Ron DeSantis Addresses Supply Chain Crisis: Florida’s Ports Are Open

MIAMI, FLORIDA - JUNE 07: Florida Gov. Ron DeSantis speaks during a press conference held at the Florida National Guard Robert A. Ballard Armory on June 07, 2021 in Miami, Florida. The governor had the press conference to speak about two bills he signed to combat foreign influence and corporate …
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Florida can play a key role in alleviating the nation’s supply chain crisis, Gov. Ron DeSantis (R) said Tuesday, as Florida’s ports remain open, ready, and, in some cases, are offering incentives for businesses to move their cargo through Sunshine State ports.

Speaking from Jacksonville, Florida’s JAXPORT, DeSantis laid out the situation the nation faces, as Americans witness “major disruptions” in the supply chain, citing images of ships docked off the coast of various cities and log jams, which are directly “impacting what we see in terms of our store shelves.” Americans are seeing shortages of products, increased costs of items, and rising gas prices, directly affecting commuters.

In an aerial view, container ships are anchored by the ports of Long Beach and Los Angeles as they wait to offload on September 20, 2021 near Los Angeles, California. (Photo by Mario Tama/Getty Images)

However, DeSantis said Florida can play a key role in alleviating the mounting issues.

“We in Florida have the ability to help alleviate these log jams and help to ameliorate the problems with the supply chain,” DeSantis said, explaining that Florida has been “long” committed to reliable, modern, accessible port facilities since he became governor in 2019.

Since then, he said, Florida has “allocated almost a billion dollars to over 70 Florida seaport projects and these are approaches that made us really really strong.”

“It really really is the model for the rest of the country,” he said.

“We’re here. We have capacity,” he said, adding that some ports, including JAXPORT, are stepping up and offering incentive packages to businesses that want to move their cargo through these ports. 

“This will make a huge difference. If you think about a place like JAXPORT, you have close to 100 million consumers that live within one day’s drive of JAXPORT,” he said.

Shipping containers are seen at the Jacksonville Port Authourity amid the Coronavirus outbreak on March 27, 2020 in Jacksonville, Florida. JAXPORT is Florida's largest container port. The World Health Organization declared coronavirus (COVID-19) a global pandemic on March 11. (Photo by Sam Greenwood/Getty Images)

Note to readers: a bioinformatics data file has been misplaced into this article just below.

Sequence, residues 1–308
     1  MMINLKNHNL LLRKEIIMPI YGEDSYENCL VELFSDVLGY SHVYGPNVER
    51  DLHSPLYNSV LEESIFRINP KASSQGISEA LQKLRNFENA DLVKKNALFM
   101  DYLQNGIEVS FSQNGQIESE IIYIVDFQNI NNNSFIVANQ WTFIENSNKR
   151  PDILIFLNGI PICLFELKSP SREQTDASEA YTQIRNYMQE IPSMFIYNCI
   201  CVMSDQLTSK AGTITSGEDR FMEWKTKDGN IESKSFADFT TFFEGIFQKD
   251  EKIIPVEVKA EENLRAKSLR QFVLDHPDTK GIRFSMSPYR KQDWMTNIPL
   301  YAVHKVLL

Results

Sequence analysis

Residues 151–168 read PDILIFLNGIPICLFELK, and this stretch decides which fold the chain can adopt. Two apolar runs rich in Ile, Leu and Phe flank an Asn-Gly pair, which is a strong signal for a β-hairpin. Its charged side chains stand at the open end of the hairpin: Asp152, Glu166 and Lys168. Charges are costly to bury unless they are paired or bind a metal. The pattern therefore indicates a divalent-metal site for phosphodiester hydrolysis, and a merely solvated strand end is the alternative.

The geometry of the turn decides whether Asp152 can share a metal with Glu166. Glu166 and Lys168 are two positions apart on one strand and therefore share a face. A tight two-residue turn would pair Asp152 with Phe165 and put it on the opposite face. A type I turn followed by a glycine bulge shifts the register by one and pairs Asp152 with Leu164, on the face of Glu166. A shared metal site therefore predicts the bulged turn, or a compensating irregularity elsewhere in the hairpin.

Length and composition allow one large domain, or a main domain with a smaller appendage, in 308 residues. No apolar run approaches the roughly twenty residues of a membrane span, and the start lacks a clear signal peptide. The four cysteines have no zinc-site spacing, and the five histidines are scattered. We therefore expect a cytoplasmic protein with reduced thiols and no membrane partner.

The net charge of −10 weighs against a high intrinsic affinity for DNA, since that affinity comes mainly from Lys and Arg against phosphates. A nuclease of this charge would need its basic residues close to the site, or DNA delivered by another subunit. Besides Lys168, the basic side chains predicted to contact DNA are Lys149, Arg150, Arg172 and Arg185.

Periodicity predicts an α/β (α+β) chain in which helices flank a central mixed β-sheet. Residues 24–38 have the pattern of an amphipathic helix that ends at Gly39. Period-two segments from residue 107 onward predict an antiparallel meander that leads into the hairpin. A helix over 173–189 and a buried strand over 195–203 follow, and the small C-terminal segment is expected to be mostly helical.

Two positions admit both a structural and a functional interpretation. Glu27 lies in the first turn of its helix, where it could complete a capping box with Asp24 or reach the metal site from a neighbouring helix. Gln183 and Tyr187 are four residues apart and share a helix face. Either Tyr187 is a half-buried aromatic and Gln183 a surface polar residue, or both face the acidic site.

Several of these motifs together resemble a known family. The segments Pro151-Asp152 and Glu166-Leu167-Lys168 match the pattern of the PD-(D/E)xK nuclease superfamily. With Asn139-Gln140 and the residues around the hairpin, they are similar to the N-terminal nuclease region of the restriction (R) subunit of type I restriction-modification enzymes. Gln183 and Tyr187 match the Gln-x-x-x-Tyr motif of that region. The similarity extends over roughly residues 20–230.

Shipping containers are seen at JAXPORT on March 27, 2020 in Jacksonville, Florida. JAXPORT is Florida’s largest container port. (Photo by Sam Greenwood/Getty Images)

“And I think companies are noticing. They’re noticing that Florida could be the solution for some  of these logistical problems,” he continued, noting that a European container shipping company recently announced it would reroute vessel service to JAXPORT, bringing estimated additional 1,000 containers to Jacksonville per week. This is significant, he said, as it has been “many years” since a European company came though Jacksonville.

Port Everglades has also accommodated ships without backups, he noted, emphasizing that Florida seaports are used to working across the clock.

“We think this is a great solution given our capacity for some of the problems you’re seeing in other parts of the country,” he said, reiterating that “Florida’s here.”

“We want to make sure that Americans get the goods they need, particularly as we approach the Christmas season,” he continued:

Hopefully what we’re doing here, more and more folks coming to our Florida ports, that will help solve some of the problems we’re seeing. I’m proud of what we’ve been able to do, and I’m really proud of these seaports that we have in the state of Florida. [It] really is some of the crown jewels that we have in our state and we want to make sure that we are helping to address, because these — when you start talking about supply chain, inflation, that’s not something that’s just going to affect a small segment. I mean, that hits very wide, hits very hard.

“Florida’s here. We got capacity, and we’ve also got incentive packages to make it worth your while to be able to bring your business to our ports,” he added before introducing JAXPORT CEO Eric Green, who announced that the port just completed a “historic year,” moving over 1.4 million containers over the past year — a new port record.

“And we’re not slowing down. Not even close. As Florida’s largest container port, we want the industry to know that Florida ports like JAXPORT are a solution to the nation’s port congestion problem,” he said, echoing the governor.

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